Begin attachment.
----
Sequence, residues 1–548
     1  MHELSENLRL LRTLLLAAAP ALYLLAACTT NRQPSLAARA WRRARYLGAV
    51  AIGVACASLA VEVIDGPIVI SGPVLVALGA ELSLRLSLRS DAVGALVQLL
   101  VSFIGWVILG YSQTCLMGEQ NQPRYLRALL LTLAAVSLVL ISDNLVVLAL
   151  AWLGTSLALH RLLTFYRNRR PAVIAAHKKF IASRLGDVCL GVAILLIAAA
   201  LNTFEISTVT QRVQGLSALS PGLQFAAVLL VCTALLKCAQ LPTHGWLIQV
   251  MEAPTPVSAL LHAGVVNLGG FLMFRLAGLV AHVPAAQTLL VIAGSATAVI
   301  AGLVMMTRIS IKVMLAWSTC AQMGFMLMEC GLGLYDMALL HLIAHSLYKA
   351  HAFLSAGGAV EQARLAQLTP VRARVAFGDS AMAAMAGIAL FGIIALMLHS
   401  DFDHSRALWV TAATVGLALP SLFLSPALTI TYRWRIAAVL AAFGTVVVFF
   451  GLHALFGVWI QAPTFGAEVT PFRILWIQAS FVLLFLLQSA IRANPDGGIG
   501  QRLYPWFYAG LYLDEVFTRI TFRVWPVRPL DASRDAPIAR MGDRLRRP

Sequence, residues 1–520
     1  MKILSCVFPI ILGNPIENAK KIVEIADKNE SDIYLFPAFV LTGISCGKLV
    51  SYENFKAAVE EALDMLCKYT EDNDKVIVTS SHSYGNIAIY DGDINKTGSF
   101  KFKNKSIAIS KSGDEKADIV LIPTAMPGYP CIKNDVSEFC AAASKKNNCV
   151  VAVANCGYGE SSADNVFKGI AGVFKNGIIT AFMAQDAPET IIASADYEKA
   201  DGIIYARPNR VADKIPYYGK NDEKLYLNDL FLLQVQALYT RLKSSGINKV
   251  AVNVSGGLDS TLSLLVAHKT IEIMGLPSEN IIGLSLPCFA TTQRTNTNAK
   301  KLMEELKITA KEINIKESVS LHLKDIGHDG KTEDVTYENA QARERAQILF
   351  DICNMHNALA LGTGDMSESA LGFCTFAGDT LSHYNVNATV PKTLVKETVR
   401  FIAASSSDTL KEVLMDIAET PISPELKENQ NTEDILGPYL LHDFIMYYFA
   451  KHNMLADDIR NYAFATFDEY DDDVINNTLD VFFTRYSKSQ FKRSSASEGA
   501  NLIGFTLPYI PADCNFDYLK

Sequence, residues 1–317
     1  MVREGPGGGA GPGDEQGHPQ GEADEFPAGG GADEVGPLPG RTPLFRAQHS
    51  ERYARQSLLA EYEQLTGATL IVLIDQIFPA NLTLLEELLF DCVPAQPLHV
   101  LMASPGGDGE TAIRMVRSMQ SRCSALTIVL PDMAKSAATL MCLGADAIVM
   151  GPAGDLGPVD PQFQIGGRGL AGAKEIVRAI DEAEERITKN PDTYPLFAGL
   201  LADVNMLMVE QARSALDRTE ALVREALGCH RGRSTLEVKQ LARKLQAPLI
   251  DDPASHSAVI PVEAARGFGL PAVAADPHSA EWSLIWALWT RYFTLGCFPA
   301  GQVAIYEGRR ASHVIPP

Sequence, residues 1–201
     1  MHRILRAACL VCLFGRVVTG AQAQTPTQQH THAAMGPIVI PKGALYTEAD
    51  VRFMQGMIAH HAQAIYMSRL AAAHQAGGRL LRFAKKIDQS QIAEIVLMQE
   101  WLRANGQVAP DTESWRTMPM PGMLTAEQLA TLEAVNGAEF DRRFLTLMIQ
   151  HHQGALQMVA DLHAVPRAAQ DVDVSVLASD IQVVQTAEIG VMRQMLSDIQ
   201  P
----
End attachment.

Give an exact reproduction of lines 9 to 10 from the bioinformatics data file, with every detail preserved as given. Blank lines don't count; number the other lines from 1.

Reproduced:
   351  HAFLSAGGAV EQARLAQLTP VRARVAFGDS AMAAMAGIAL FGIIALMLHS
   401  DFDHSRALWV TAATVGLALP SLFLSPALTI TYRWRIAAVL AAFGTVVVFF